In the Q&A below, Burgoyne expands on this intention by describing her approach, factors that led her to her current body of work, and how music plays a significant role on her process.
PLEASE HOVER OVER ANY IMAGE TO VIEW IT HI-RES.
One who was looking at your work could easily think that certain sections were tree trunks or cobwebs or any number of other non-abstract things. Are there narratives or subjects to be found in your work, or are they simply geometric or pattern-based?
Yes, there are tree trunks and cobwebs. And they are also geometric and pattern-based. I love the perceived universe as a place where everything follows mathematical structures.
How much of your work is additive versus subtractive?
The drawings are 98% additive. Erasure dulls the lines and mars the paper, so I use it sparingly only to reduce occasional over-brights.
What kind of setting do you work in? I would imagine that work as contrasting and fine as yours would need a setting that would allow you to see well, spend a large amount of time, etc.
There is no art studio, so I work at home where it’s comfortable, chair or couch. On my lap is a pillow and on top of the pillow is a piece of foam-board supporting the drawing. I wear reading glasses and have a lamp nearby. A devoted time commitment is inevitable for these drawings. There is music on the stereo, always.
What is it about black and white and grayscale that most interests you? Do you ever consider working with colored paper or pencil?
Not sure why, but I flourish under the limitation of monochrome. I hope to offer an alternative to the abundance of sharp contrast and unrelenting bold colors that fill our urban situation. It’s not that I don’t enjoy the oomph of Helvetica signs and neon spandex; I just want to have another choice. There are a handful drawings I’ve made using red, gray, and brown paper with various colored pencils, but black paper is the mainstay.
ARTIST INTERVIEW CONTINUES BELOW
How do you feel about the spreading of your work upon the internet, as it
is obviously of a type which gets somewhat lost in translation?
Sometimes the internet is the only venue available. It’s nice connecting with people who appreciate what I’m up to. Without the internet exposure I wouldn’t have become acquainted with some wonderful Eastern European artists who I feel artistic kinship with.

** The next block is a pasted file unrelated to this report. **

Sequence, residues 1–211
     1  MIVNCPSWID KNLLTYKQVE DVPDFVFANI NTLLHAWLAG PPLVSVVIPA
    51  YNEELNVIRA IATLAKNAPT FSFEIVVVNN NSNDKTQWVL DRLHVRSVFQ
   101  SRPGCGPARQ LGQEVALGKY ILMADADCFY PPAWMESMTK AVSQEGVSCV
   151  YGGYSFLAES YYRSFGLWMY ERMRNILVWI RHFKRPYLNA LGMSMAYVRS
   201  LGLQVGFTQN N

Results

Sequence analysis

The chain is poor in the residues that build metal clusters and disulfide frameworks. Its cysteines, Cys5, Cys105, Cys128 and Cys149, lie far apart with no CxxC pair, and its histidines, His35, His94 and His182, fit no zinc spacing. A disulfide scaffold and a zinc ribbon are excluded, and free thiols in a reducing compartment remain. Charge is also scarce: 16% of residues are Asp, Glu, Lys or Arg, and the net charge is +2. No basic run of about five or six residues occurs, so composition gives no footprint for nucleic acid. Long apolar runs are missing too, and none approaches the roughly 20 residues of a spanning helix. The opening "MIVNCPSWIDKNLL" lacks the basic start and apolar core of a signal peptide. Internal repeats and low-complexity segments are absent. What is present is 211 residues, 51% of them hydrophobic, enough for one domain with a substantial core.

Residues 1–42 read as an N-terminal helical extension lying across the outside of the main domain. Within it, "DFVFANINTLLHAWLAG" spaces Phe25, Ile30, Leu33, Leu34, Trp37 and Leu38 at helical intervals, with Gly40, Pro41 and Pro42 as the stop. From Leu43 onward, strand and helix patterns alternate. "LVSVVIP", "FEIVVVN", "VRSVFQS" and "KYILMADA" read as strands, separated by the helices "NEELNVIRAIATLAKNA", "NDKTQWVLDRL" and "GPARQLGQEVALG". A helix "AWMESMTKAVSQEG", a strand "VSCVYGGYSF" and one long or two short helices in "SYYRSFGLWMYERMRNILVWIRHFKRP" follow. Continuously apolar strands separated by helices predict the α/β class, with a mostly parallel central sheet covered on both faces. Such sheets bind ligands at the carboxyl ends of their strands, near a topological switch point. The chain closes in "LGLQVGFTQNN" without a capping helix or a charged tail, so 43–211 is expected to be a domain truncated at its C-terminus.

I would like to talk a bit about Scroll; is that the largest piece you’ve
worked on, and how difficult was it to gain perspective on it?
Scroll was the largest before February, when I began working on Forest, a 30-foot-long drawing that is slowly building. Time makes perspective easier. When I work on a drawing for an extended period I become a lost myopic, so I hide the drawing from view for a day while I’m running errands. When I see it again portions become clear and the drawing tells me what to do next.
ARTIST INTERVIEW CONTINUES BELOW
Bette Burgoyne – Forest (progress photo)
Bette Burgoyne – Scroll
Zhang Zeduan – QingMing ShangHe Tu
What led to the decision of using video to document this particular piece?
I wanted to share Scroll with people, and a video on YouTube and Vimeo seemed a good way to do it. No actual videotaping took place. A large .tiff file was made from the drawing at Art & Soul, and it was edited andtransformed into a panning video by 4th Wall Films. There is a lovely panning video of a Chinese landscape painting by Zhang Zeduan you should see.
You gained permission from Animal Collective, Rough Trade Publishing, and Fat Cat Records to use the track in the video; how difficult or involved was that process?
Animal Collective received my email describing what I had in mind for their beautiful languid song “Visiting Friends”. Included was a link to my site. They emailed back, “Looks cool”, and included email addresses in order to get full clearance of “Visiting Friends” from Fat Cat and Rough Trade. It all took about 2-3 weeks.
The work on your website only spans back to 2009. How has your work evolved through the years?
I created sculpture and installation for several years before a series of deaths and heartbreak altered my life course. The early 2000s was a four year period of creating scherenschnitte from black paper. After the 2008 bout with cancer and chemo, I began to create drawings from a place essential, shedding the layers of cleverness that was part of the earlier work.
As an older artist, how do you feel about the Seattle art scene right now — how it has changed, where it is, and where you think it is going?
It is good see more women artists receiving recognition, maybe we’ll achieve balance someday? My favorite thing in the current Seattle art scene is First Thursday Art Schlock.
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